- Manage Relationships
Every multi-unit brand knows the importance of managing relationships with unit operators and franchise holders. Corporate relationships with vendors and distributors require the same kind of attention, with regular performance reviews, top-to-top meetings and joint business planning to strengthen partnerships and achieve greater efficiencies.
“Greater transparency is never achieved all at once,” adds SpenDifference’s Lucero. “True sourcing and supply chain partnerships evolve over time. The mutual transparency increases as the relationship deepens and the two parties better understand the value and business each can bring to the other. For that to happen, the relationships need care and nurturing along the way.”
- Require Customization.
When restaurant brands rely on proprietary products to distinguish their offerings and add value to their menus, supply chain relationships become even more important. Strong supply chain management helps a brand identify reliable sources for customized products and distribution networks to keep them stocked. It will also customize data reports to match the unique needs of a restaurant’s brand management. Every brand is unique and an effective supply chain needs to reflect that.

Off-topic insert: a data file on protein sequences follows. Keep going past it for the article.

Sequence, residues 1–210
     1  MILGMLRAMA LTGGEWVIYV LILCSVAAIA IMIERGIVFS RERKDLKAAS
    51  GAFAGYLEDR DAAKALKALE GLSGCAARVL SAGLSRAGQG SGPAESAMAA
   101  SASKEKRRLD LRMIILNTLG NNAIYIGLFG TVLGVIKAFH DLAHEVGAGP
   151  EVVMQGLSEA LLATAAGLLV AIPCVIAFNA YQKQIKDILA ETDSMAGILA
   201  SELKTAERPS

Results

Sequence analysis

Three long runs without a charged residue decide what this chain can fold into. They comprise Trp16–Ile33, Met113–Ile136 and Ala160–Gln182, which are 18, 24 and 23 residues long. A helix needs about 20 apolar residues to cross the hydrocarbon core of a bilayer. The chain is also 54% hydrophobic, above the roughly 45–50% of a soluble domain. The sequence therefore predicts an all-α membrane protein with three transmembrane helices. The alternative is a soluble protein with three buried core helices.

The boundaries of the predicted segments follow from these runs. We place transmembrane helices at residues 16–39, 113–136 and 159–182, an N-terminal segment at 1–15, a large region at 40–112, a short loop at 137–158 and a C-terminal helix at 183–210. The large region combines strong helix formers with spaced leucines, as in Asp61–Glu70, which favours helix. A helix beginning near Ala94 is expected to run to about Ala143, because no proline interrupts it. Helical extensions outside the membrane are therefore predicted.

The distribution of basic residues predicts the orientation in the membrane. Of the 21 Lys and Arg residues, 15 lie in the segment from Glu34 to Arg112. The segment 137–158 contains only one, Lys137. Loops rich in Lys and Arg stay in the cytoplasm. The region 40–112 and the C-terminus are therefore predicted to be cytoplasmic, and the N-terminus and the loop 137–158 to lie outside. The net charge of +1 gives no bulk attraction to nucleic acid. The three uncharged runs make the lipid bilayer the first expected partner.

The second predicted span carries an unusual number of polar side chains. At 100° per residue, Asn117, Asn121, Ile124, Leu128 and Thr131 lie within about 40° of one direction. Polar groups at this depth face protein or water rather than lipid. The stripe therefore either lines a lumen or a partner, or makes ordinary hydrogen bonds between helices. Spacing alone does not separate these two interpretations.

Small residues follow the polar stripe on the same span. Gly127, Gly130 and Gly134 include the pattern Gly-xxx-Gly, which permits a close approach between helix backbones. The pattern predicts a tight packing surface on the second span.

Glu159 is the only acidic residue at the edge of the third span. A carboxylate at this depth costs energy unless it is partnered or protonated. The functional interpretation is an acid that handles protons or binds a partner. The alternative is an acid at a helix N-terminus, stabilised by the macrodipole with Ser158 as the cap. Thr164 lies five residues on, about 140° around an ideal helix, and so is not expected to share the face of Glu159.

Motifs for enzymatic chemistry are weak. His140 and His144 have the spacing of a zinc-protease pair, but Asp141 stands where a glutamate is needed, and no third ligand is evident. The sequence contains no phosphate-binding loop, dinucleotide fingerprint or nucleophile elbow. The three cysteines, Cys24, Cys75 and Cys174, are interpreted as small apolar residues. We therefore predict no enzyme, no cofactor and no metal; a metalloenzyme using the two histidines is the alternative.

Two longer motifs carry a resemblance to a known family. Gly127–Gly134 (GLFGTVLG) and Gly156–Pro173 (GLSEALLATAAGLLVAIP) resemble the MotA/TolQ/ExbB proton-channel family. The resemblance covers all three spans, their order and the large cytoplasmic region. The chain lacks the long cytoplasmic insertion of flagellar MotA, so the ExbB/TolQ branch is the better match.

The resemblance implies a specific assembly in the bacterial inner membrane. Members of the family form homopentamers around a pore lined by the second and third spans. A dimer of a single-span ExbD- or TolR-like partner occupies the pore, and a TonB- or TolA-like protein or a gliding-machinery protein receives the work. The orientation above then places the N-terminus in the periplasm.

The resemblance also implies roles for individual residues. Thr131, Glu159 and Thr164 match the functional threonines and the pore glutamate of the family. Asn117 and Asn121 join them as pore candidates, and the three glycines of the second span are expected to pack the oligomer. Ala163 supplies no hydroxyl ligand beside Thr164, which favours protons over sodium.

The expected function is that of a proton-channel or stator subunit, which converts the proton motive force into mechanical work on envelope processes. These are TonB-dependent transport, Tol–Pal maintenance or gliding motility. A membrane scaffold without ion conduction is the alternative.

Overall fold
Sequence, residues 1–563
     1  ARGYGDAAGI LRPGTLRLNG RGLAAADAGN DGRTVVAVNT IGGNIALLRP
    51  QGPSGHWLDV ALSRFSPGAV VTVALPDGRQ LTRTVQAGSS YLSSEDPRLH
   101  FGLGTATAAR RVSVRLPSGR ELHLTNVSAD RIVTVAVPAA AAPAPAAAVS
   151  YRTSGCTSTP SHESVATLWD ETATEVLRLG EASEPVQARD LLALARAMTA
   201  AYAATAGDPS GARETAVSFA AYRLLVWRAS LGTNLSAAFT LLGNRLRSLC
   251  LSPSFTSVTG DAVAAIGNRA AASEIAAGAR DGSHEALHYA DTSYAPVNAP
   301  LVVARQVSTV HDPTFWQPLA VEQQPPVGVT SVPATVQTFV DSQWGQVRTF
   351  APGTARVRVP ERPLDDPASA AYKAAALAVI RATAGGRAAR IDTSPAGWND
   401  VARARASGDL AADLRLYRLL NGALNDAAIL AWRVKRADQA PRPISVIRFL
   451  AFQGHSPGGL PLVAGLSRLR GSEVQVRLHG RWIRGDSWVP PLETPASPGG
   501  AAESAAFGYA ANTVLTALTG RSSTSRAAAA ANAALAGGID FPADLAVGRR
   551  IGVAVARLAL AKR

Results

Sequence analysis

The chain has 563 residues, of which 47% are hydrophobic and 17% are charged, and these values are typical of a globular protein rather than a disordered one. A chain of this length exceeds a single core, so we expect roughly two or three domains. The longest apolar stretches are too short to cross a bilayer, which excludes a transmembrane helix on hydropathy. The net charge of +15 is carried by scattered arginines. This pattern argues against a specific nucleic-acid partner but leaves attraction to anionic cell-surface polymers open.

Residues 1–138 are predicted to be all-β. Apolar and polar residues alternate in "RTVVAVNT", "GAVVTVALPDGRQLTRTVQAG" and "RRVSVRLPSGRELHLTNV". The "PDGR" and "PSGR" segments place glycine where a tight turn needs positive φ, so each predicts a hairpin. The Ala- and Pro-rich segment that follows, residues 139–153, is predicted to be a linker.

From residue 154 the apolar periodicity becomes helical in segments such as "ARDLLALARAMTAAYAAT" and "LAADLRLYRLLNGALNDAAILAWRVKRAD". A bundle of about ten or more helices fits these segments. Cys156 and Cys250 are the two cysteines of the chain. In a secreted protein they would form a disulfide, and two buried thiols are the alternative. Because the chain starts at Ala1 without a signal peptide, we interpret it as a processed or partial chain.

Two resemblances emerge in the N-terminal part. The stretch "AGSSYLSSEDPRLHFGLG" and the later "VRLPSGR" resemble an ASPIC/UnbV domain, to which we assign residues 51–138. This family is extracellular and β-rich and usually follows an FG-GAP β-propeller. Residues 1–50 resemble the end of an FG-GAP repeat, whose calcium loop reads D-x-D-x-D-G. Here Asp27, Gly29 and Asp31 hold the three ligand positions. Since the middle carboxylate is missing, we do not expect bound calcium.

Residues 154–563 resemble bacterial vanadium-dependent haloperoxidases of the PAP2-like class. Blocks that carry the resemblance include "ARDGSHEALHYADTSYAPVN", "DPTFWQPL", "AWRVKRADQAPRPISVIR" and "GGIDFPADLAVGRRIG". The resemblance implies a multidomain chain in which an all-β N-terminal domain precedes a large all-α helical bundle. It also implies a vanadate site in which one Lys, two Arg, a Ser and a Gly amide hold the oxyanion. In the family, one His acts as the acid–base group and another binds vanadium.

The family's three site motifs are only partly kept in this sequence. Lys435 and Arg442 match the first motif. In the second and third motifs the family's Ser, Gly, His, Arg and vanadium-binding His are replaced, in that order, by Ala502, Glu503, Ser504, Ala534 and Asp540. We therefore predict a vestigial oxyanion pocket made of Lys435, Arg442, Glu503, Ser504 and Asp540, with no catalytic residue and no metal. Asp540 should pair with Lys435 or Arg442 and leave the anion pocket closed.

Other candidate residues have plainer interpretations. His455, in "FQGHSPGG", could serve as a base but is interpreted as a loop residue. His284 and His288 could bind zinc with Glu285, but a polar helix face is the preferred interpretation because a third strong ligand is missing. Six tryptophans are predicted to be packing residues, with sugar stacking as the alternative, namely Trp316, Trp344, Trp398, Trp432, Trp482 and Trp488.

- Hire Specialists
It takes specialized knowledge and experience to manage the different parts of a supply chain and to effectively understand and take advantage of commodity market trends. Successful chains hire the best talent available in each specialty area, from strategically sourced protein categories to logistics and distribution management. They either hire a specialized team with needed, top-drawer experience in those areas, or a third party provider that already has that kind of team in place. Relying on procurement generalists will never achieve the same results as a team with a full range of critical competencies.
As a result, many successful restaurant chains have teamed up with SpenDifference and taken advantage of their best-in-class technology and category expertise to help navigate all aspects of the supply chain. To learn more about how a partnership could positively impact your business, please contact us here.